Tariffs were the primary source of federal government revenues in the nineteenth century. Those that were higher than necessary to fund the government were generally termed Protective Tariffs because they were intended to protect domestic manufacturers from more economical producers overseas. As the center of an emerging industrial empire, the Northern states normally favored protective tariffs.
In contrast, Civil War historians generally cite three reasons why the South opposed protective tariffs and why they were outlawed in the Confederate constitution. First, the duties inflated the cost of consumer items that might otherwise be imported at lower prices. Second, since the South’s was an export economy a high tariff wall made it difficult for overseas buyers of American exports to generate the exchange credits needed to buy such exports. Third, the South had few manufacturing plants that would benefit from such tariffs.
Many, perhaps most historians of the era, fail to cite another reason the South opposed high tariffs because it only became obvious later in the nineteenth century. Specifically, high tariffs are a prime source of monopolies.
Many students of the Civil War and Reconstruction fail to appreciate the connection between protective tariffs and monopolies because industrial trusts did not become a familiar part of the business landscape until the last quarter of the nineteenth century. In reality, however, Southern Reconstruction extended far beyond the conventionally accepted terminal year of 1877. The first federal response to monopolies was the 1890 Sherman Antitrust Act. Unfortunately, the act targeted only the apparatus of monopoly instead of the cause. Nine years later the president of the American Sugar Refining Company, which controlled 98% of its market, admitted in testimony to an industrial commission:
The mother of all trusts is the customs tariff bill…
[Production economies of scale]…in the same line of business are a great incentive to [trust] formation, but these bear a very insignificant proportion to the advantages granted in the way of protection under the customs tariff…
The tariff bill clutches the people by the throat, and then the governors and attorneys-general of the several States take action, not against the cause but against the machinery…[used]…to rifle the public’s pocket…It is the Government through its tariff laws, which plunders the people, and the trusts…are merely the machinery for doing it.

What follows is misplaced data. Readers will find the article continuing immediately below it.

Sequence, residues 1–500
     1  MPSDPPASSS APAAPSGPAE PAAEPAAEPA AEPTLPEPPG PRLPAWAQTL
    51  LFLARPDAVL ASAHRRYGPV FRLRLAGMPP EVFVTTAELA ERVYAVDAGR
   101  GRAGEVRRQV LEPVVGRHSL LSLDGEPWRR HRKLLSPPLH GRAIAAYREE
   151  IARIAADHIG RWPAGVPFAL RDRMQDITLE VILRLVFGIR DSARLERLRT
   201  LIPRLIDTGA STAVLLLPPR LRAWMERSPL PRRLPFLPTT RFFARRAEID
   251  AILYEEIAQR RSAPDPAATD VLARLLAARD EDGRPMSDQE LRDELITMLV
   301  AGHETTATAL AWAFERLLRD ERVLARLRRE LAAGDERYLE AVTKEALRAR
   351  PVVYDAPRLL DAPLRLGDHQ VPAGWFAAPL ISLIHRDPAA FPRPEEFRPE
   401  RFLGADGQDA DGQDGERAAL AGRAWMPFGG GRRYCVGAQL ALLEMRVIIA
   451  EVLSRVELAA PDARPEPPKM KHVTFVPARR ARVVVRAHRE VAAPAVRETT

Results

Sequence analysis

The monopolistic consequences of tariffs have been obfuscated over the years by the political rhetoric of those who favor them. Nonetheless, the danger was recognized in the U. S. Constitution when the founders outlawed tariffs between the states. Other things being equal, the smaller the territory protected by a tariff the more readily competitors inside the tariff wall will combine to regulate prices. Thus, to understand how tariffs foster monopolies consider the hypothetical result if tiny Rhode Island were to build a tariff wall against the other states.
If Rhode Island adopted a steep tariff on lumber, the state’s sawmills would soon start charging higher prices than mills in Connecticut and Massachusetts. Lumber would cease to be available in Rhode Island at prices lower than it could be imported from neighboring states, even though Rhode Island lumber yards would theoretically be competing with one another. Basically, the adoption of a tariff would be an invitation to the state’s sawmills to raise prices. Moreover, the yards could hardly be blamed for deciding to consolidate their operations into a single trust. Although the state’s tariff would lift selling prices it would not increase production costs. Thus, if they produce more lumber than Rhode Island residents need, the mills would seek to sell the excess to buyers in neighboring states. If sawmill operating costs in Rhode Island are similar to those in Connecticut and Massachusetts, the state’s mills could sell to customers in nearby states at a lower price than in Rhode Island and still earn a profit. The ability to sell output profitably at lower prices outside a tariff wall than inside it is a telltale monopoly characteristic.